4 thoughts on “Luther Was Not a Monk

  1. FROM THE CATHOLIC ENCYCLOPEDIA (If Luther and the Augustinians were not “monks” who were monks? Seems a distinction without a difference.) “A monk may be conveniently defined as a member of a community of men, leading a more or less contemplative life apart from the world, under the vows of poverty, chastity, and obedience, according to a rule characteristic of the particular order to which he belongs. The word monk is not itself a term commonly used in the official language of the Church. It is a popular rather than a scientific designation, but is at the same time very ancient, so much so that its origin cannot be precisely determined. So far as regards the English form of the word, that undoubtedly comes from the Anglo-Saxon munuc, which has in turn arisen from the Latin monachus, a mere transliteration of the Greek monachos. This Greek form is commonly believed to be connected with monos, lonely or single, and is suggestive of a life of solitude; but we cannot lose sight of the fact that the word mone, from a different root, seems to have been freely used, e.g. by Palladius, as well as monasterion, in the sense of a religious house (see Butler, “Palladius’s Lausiac History” passim). Be this as it may, the Fathers of the fourth century are by no means agreed as to the etymological significance of monachus. St Jerome writes to Heliodorus (P.L., XXII, 350), “Interpret the name monk, it is thine own; what business hast thou in a crowd, thou who art solitary?” St. Augustine on the other hand fastens on the idea of unity (monas) and in his exposition of Psalm 82, extols the appropriateness of the words “Ecce quam bonum et quam jucundum habitare fratres in unum” when chanted in a monastery, because those who are monks should have but one heart and one soul (P.L., XXXVII, 1733). Cassian (P.L., XLIX, 1097) and Pseudo-Dionysius (De Eccl. Hier., vi) seem to have thought monks were so called because they were celibate.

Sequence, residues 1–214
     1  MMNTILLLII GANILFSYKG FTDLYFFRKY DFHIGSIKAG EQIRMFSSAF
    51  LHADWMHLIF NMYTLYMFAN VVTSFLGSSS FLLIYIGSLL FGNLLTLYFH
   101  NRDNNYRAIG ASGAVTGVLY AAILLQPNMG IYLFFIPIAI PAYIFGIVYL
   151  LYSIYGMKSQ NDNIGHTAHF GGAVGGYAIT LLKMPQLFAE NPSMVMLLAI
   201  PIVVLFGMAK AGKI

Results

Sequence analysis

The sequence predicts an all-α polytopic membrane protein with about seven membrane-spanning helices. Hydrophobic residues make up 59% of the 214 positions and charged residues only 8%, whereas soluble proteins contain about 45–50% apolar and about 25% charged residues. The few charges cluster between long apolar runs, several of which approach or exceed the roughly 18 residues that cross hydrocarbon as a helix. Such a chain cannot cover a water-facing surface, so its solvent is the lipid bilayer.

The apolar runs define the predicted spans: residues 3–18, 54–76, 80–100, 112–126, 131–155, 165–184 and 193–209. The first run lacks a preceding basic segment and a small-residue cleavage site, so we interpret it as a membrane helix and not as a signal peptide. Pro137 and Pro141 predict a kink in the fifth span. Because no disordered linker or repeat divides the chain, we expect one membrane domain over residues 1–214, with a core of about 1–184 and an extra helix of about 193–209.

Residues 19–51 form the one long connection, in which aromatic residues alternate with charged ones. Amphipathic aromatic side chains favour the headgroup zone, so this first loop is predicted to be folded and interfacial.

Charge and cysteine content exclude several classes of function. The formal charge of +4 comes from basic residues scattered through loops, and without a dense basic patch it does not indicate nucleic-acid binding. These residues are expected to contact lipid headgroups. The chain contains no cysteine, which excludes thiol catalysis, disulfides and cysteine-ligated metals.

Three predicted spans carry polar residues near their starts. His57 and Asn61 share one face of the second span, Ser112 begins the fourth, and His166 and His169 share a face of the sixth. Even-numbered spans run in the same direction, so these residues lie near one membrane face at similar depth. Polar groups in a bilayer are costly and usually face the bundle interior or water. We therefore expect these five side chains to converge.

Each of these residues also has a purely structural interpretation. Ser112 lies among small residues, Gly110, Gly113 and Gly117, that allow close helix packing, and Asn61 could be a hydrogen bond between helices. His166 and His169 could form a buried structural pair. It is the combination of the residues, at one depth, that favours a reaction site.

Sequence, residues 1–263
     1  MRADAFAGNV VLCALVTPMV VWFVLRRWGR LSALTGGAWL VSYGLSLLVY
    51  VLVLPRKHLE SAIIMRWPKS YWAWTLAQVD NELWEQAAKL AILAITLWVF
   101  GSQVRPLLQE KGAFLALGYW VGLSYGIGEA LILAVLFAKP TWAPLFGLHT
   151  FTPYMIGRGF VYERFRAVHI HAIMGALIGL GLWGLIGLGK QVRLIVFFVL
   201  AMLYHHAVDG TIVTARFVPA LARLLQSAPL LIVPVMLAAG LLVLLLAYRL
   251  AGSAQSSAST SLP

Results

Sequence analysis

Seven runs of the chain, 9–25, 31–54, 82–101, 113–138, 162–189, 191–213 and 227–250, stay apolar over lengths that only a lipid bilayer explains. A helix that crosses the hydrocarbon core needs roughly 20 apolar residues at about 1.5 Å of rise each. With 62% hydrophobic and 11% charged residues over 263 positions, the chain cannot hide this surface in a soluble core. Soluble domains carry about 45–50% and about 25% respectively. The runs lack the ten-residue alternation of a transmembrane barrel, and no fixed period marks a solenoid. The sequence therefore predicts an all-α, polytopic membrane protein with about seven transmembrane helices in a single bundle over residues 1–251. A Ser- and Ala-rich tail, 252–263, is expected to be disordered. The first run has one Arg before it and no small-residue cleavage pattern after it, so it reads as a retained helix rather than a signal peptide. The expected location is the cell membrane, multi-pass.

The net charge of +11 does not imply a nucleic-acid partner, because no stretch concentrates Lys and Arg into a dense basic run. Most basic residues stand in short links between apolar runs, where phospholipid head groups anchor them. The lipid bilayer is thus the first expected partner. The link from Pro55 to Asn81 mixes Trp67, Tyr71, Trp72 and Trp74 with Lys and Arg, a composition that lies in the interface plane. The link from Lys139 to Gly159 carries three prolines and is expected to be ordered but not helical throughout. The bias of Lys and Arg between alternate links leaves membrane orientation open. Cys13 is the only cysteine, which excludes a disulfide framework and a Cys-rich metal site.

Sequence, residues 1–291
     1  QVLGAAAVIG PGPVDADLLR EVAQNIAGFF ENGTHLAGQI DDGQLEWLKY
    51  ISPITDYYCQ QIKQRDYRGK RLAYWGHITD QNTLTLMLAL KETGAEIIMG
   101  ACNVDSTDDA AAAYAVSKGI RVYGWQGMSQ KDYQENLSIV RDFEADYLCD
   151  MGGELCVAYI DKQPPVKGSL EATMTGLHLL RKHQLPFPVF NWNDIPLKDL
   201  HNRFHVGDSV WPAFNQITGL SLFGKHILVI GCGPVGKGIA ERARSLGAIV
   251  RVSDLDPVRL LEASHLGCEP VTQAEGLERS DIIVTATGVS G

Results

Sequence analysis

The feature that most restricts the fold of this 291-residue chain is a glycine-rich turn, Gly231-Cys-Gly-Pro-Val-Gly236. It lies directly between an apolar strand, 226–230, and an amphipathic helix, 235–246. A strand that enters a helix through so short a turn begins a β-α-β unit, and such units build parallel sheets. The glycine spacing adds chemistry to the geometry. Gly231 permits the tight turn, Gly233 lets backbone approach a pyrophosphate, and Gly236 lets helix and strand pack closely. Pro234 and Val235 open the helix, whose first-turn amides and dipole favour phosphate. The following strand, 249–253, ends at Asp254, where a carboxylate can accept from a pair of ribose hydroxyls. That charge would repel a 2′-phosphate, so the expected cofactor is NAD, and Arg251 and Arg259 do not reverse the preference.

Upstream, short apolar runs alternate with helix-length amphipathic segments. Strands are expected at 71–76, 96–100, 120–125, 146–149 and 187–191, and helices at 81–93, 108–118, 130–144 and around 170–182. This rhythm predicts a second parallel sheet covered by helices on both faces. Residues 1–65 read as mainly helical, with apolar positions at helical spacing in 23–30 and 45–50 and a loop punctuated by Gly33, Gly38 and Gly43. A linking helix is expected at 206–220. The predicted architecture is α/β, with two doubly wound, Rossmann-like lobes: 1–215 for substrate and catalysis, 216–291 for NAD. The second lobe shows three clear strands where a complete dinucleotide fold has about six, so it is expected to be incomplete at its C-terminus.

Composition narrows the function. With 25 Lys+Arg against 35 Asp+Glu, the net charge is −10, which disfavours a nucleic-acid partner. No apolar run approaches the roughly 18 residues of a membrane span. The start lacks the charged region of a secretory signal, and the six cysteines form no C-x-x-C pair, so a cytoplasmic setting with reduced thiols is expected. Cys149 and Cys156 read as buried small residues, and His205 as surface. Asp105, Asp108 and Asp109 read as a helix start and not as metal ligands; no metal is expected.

In any case the fact remains that the word monachus in the fourth century was freely used of those consecrated to God, whether they lived as hermits or in communities. So again St. Benedict a little later (c. 535) states at the beginning of his rule that there are four kinds of monks (monachi):
    CENOBITES who live together under a rule or an abbot,
    ANCHORITES OR HERMITS, who after long training in the discipline of a community, go forth to lead a life of solitude (and of both of these classed he approves; but also
    “SARABITES” and
    “GIROVAGI” (wandering monks), whom he strongly condemns as men whose religious life is but a pretence, and who do their own without the restraint of obedience.”

  2. Paul Sailhamer argues that Luther and the Augustinians were monks by saying that the distinction between monks and friars seems to be “a distinction without a difference.” But, then he quotes from the Catholic Encyclopedia which states that monks led a more or less contemplative life “apart from the world.” There is the “difference” he is looking for. Friars do not live “apart from the world.”